July 31, 2018
Metadata copyright protection
Gain protection of your copyright by adding metadata - part 2
Last week’s blog looked at a highly visible way of protecting your photographs by using a watermark. However, you’ll see on most of my posts, I prefer not to take the viewer away from the image. So, how can I protect myself without adding watermarks? The answer lies in metadata.
One of the great benefits of digital photography compared with film, is that it is possible to add data behind the image. There are two types of data that we can record behind the scenes. EXIF which stands for Exchangeable Image Format and includes information about the settings used to take the photograph such as shutter speed and aperture. The other data type is IPTC which is an acronym for International Press Telecommunications Council, who defined a set of fields to allow photographers to document their ownership of the file.
How do I add the metadata?
Pretty much all digital cameras (including your mobile phone cameras) will record the EXIF data automatically when you take the image. You can easily view it when you import your photograph to Lightroom. In the Library module, go to the panel on the right-hand side and go to the Metadata section. If you’ve never investigated in this section then it will probably be set to the Default setting in which case you will see the various exposure settings, focal length, ISO and even the make and model of your camera and lenses. If you click on the drop-down box of the Metadata section, you can select EXIF and it will show you all of the information recorded when you took the photograph. None of the EXIF data can be easily edited.
When you import your photographs there won’t be any IPTC data added to the image and this is where you can add your own information to the file later. To do this we need to change the drop-down box in the Metadata section to IPTC. You will see there is a whole variety of fields available to describe the photograph and the ownership. Some of the fields will be particular to the image selected (such as the Caption which describes what is in the picture or the location). There are other fields, though, which are ones that we would probably want to add to every image as we import them, such as your contact details and copyright statements.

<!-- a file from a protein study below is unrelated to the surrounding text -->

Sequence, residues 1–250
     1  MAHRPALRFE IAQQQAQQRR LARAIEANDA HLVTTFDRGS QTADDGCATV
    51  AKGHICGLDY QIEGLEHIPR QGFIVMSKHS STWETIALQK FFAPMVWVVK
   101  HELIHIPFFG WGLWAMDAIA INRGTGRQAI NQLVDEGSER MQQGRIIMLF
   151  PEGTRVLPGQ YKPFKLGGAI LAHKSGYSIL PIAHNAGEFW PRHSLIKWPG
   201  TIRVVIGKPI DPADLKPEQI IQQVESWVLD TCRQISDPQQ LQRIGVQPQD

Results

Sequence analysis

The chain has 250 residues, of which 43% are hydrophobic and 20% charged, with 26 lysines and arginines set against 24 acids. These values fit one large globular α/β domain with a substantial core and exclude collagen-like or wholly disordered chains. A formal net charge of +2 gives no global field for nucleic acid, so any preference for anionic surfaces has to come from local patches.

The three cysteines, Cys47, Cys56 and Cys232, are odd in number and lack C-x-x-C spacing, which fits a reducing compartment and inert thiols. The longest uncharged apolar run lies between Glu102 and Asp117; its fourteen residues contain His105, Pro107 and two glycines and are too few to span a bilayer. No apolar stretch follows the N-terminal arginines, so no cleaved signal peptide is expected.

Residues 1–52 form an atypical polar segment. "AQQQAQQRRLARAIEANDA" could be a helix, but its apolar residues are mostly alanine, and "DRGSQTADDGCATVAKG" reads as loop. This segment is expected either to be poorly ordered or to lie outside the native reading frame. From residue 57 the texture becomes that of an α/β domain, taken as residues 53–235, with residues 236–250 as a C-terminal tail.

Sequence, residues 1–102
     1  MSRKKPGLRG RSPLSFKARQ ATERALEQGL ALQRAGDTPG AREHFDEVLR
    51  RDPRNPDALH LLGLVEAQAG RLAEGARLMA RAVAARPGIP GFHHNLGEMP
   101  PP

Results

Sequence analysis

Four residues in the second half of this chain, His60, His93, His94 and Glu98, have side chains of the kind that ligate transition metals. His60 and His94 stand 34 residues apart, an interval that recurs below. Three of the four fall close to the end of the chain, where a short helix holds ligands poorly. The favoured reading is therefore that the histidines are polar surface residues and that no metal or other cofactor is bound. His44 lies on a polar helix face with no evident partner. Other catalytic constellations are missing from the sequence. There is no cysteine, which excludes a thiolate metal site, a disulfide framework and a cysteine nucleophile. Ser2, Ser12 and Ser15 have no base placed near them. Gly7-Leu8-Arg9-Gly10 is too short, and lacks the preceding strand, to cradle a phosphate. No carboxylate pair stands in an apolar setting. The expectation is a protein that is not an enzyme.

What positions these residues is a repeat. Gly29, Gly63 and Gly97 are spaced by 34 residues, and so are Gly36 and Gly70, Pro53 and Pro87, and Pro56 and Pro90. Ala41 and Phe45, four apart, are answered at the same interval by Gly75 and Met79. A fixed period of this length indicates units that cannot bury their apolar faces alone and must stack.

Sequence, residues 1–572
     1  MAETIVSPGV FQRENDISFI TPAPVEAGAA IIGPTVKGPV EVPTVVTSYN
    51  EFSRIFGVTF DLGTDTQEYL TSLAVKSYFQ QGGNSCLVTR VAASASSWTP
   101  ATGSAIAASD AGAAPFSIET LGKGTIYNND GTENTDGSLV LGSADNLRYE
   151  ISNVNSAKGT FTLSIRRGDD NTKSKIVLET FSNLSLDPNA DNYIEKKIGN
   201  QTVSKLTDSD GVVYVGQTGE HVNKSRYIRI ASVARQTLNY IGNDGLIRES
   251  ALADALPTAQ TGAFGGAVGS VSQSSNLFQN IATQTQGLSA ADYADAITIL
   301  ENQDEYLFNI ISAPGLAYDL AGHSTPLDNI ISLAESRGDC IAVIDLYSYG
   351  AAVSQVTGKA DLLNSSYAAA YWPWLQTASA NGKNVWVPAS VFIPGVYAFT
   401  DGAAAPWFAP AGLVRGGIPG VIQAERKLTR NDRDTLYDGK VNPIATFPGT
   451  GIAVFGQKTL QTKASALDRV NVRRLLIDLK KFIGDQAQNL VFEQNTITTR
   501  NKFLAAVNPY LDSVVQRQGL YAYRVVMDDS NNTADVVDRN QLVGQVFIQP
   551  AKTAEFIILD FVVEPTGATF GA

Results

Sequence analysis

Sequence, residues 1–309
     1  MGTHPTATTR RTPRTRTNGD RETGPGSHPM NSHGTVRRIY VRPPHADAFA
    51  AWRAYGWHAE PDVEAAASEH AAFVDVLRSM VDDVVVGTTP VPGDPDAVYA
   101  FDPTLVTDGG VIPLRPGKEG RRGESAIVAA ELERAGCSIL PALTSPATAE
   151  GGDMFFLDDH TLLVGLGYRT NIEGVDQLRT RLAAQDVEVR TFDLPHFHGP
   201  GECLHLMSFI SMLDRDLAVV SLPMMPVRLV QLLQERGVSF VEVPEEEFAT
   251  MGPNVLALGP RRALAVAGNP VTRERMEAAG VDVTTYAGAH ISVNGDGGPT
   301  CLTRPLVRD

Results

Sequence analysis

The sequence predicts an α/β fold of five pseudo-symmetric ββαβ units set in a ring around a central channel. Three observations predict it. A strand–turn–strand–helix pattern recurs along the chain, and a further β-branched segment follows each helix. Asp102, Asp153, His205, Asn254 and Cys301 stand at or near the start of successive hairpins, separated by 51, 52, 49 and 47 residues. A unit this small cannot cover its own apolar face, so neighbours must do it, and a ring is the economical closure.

To add this data automatically we can create a preset. We do this by clicking on the drop-down box next to the word preset and clicking on Edit Presets…
A template will appear which you can now complete with all the information that you would like to be added to every image. It is a good idea to try and complete as much of the IPTC Copyright and IPTC Creator sections as you can. Click on Done and you will be asked if you want to save your data as a Preset. Give it a name and you can now add this IPTC data to every image.
I like to save time as much as possible. You can automatically add the IPTC data to your files when you import. When you are in the Import module of Lightroom, click on the drop-down box in the Apply During Import area marked Metadata and your new IPTC data preset will automatically be applied during import.
Do I need a watermark?
If we now have a good way of adding even more data to our pictures in the background, then why do we use watermarks? Whilst we can attach the data, some of the most popular social media sites don’t actually include it in their import process. To discover what data is recorded you can use a tool which reads the EXIF data such as Jeffrey’s Image Metadata Viewer.
So, if the main social media sites strip your data why bother adding it? According to current copyright law, it is up to the user of an image to find who the owner of an image is before using it. They could argue that if Twitter or Instagram strip the data then they couldn’t possibly know who the owner is. However, you can search to find similar images by dragging an image into the search box of Google Images and it will show you all the occurrences of a similar image. If you ensure that you upload your photos to a site that retains the metadata then you have made it easy for someone to find you are the owner and pay you the appropriate fee. I have taken legal action against illegal infringers in the past and the courts have upheld that as my data is visible on the internet then I could claim for the breach of copyright.
Using metadata doesn’t stop someone using your photographs but neither do watermarks. There is some software that can do a good job of removing watermarks. Your protection comes from uploading your photographs to a website that retains the IPTC data. If you want to make a living from photography or even just make enough money to buy new (expensive) equipment it’s important to stop the theft of images and the use of IPTC data is a good way to do this.